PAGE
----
Microsoft has announced that Windows Server 2016 will be generally available in October. With the latest version of Windows Server comes changes to how it’s licensed.
Previous versions of Windows Server were licensed on a per-processor basis; Windows Server 2016 is licensed per physical processor core (note that this is physical, not virtual cores). Each physical processor must be licensed with a minimum of 8 cores, and each server with a minimum of two processors (making a 16 core minimum). Core licenses will also be sold in two-core packs and CALs are still required for every user or device accessing a server.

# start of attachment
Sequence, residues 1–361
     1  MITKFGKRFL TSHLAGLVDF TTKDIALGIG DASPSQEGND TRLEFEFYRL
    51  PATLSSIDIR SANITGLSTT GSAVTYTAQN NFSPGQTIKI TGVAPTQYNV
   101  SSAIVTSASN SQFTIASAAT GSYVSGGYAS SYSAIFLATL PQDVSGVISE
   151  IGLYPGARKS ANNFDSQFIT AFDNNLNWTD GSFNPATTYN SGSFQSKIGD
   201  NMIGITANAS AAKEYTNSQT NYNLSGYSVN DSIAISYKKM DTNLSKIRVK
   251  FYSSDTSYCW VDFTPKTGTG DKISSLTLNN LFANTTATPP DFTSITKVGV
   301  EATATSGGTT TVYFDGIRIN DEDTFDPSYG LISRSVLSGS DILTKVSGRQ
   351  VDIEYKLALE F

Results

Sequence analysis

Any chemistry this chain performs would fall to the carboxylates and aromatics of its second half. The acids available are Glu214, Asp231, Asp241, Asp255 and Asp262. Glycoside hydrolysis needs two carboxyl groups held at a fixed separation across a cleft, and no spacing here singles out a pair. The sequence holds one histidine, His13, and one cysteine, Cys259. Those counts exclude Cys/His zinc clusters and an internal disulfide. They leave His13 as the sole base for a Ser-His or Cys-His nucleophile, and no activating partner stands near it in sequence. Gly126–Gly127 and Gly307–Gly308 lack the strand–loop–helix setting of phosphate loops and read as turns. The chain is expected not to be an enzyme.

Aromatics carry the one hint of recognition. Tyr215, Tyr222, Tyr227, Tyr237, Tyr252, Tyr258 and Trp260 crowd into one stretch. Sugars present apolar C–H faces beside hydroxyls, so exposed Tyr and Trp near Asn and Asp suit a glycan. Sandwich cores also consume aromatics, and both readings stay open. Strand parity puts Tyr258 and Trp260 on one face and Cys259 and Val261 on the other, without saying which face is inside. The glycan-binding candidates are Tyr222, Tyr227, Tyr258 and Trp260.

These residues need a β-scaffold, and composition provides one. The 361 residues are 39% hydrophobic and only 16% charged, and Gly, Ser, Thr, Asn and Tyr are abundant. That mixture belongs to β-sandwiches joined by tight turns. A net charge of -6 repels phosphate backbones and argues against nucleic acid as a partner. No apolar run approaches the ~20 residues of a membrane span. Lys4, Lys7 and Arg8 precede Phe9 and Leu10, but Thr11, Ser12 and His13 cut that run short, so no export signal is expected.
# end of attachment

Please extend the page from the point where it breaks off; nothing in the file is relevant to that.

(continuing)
For software asset managers, the switch to per-core licensing for Windows Server 2016 provides a standard licensing metric for on-premise and cloud-based environments; however, some changes to software compliance and inventory processes might be required. Taking count of physical cores is not necessarily possible with all discovery and inventory tools, so there is a risk that CPU cores are not properly counted for. Likewise, some software asset management solutions may not correctly reflect the core count in compliance reporting against your entitlements.